Ms Cheney was asked about her stand on same-sex marriage in an interview with CBS that aired on Sunday. “I was wrong... I was wrong,” she answered.
“I love my sister very much. I love her family very much and I was wrong. It is a very personal issue and very personal for my family. I believe that my family was right. My sister and I have had that conversation,” the congresswoman from Wyoming added.
Quoting her father Dick Cheney, she said “freedom means freedom for everybody” and referred to an instance where a trans woman told her she sometimes did not feel safe because of her gender.
“This is an issue that we have to recognise ... as human beings we need to work against discrimination of all kinds in our country, in our state,” she said.
Ms Cheney, in an interview during a 2013 campaign trail, had said she supported “traditional” marriage, even though her sister identified as homosexual.
“I do believe in the traditional definition of marriage,” she had then told Fox News in one interview, adding she did not support amending the constitution to oppose same-sex marriage.
Ms Cheney's remarks were soon after criticised by her sister Mary and her partner Heather Poe, who both wrote Facebook posts criticising the remarks in the same year.
“Liz – this isn’t just an issue on which we disagree, you’re just wrong – and on the wrong side of history,” wrote the congresswoman’s sister.
“Liz has been a guest in our home, has spent time and shared holidays with our children, and when Mary and I got married in 2012 – she didn't hesitate to tell us how happy she was for us. I always thought freedom meant freedom for EVERYONE,” said her sister-in-law, in her own post, making a seemingly sarcastic reference drawn from the former Republican vice president’s comments.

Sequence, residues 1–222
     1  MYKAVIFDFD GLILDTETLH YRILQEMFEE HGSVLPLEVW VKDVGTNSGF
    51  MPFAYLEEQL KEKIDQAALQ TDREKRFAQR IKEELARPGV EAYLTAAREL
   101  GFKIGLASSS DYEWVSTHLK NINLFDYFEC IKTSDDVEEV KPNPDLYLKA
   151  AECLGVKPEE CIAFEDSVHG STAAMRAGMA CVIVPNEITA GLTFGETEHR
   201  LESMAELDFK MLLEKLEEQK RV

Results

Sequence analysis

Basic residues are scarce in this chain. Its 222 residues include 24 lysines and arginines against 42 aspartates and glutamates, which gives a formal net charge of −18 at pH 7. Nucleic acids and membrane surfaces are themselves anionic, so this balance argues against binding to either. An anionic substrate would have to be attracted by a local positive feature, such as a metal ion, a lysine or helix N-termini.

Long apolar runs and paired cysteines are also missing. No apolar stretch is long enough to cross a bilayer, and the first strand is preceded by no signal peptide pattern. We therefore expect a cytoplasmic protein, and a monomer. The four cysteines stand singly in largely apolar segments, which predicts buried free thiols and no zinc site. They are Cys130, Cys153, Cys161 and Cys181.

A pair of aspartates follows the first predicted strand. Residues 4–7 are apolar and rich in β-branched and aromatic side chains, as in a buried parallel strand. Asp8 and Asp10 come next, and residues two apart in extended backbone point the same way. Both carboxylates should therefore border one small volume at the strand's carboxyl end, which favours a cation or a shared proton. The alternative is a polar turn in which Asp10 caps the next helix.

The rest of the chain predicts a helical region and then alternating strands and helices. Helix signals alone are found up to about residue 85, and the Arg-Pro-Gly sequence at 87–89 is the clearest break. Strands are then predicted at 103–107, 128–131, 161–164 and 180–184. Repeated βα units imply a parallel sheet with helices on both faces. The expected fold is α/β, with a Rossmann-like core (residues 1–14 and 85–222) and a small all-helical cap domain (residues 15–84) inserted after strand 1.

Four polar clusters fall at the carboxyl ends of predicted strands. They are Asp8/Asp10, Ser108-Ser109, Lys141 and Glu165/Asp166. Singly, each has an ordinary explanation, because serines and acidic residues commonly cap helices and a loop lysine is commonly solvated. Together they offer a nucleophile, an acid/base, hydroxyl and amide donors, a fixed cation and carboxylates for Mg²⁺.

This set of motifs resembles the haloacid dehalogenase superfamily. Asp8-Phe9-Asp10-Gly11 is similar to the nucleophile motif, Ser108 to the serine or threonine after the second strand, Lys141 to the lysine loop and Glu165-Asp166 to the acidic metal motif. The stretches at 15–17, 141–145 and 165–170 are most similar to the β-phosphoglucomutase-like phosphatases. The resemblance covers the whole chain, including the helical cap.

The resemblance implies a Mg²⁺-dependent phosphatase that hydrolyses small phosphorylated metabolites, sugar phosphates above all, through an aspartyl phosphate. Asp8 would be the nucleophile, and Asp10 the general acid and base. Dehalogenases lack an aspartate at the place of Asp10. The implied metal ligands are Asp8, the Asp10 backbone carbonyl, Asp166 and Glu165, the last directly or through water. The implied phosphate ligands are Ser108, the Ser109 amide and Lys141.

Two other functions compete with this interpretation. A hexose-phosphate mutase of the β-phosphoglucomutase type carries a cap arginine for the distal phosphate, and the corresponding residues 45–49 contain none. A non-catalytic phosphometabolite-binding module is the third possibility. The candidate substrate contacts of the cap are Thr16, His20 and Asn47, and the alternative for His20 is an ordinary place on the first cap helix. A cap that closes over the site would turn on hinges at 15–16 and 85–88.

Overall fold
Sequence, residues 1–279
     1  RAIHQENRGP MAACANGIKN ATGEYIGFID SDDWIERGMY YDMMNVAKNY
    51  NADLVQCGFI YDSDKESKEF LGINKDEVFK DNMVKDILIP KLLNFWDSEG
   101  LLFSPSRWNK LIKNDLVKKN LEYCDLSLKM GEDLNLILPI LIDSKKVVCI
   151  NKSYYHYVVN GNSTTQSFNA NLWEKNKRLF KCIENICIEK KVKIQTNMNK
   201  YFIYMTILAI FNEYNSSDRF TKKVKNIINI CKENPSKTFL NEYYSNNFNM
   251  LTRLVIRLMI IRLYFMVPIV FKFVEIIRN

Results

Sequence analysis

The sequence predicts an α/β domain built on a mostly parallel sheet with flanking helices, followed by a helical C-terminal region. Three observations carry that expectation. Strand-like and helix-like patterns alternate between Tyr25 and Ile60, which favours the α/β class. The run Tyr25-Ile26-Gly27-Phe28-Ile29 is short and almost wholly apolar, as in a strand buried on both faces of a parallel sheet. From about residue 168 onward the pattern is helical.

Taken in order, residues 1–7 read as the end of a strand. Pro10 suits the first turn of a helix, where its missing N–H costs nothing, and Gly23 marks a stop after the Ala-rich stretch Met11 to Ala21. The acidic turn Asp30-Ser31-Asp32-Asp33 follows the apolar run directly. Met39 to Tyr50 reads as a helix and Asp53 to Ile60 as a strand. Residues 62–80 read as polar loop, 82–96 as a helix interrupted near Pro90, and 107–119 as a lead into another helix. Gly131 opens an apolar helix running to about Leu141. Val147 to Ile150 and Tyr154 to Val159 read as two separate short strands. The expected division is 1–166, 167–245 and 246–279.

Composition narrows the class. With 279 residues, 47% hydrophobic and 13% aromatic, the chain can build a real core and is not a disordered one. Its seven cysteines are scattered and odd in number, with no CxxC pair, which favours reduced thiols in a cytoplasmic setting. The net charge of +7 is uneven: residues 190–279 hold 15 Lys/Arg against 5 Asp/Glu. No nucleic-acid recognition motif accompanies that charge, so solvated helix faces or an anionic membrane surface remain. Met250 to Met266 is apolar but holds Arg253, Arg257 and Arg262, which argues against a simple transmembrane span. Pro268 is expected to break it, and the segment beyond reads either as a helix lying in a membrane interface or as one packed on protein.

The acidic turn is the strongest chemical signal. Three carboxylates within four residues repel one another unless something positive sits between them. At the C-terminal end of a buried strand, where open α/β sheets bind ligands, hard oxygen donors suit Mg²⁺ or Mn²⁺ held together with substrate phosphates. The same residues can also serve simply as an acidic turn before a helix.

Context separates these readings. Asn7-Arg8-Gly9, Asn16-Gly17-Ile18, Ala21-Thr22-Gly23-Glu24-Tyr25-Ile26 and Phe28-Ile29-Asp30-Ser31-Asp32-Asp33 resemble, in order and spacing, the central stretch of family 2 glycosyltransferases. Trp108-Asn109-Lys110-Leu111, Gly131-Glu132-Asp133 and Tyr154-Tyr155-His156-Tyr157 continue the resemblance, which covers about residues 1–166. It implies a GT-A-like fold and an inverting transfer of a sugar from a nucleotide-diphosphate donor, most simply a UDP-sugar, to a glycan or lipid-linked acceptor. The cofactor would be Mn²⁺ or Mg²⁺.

Mr Cheney had faced flak from the Republican party after he made the comments extending his support to same-sex marriage in 2009.
“I think that freedom means freedom for everyone. As many of you know, one of my daughters is gay and it is something that, uh, we have lived with for a long time, in our family. I think people ought to be free to enter into any kind of union they wish,” he had said.
Meanwhile, hitting out at her political rival and former president Donald Trump, Ms Cheney said he “doesn't believe in the rule of law.” She is one of the two Republicans on a select committee that is investigating the 6 January violent insurrection at the Capitol Hill building.
“Those who think that by ignoring Trump, he will go away, have been proven wrong ... in my view, the American people, they deserve better than having to choose between what I think are the really disastrous policies of Joe Biden in a whole range of areas, really bad for our economy,” she said.
Sharing a photo of former president George W Bush, who was also criticised by Mr Trump, Ms Cheney wrote: “I like Republican presidents who win re-election."
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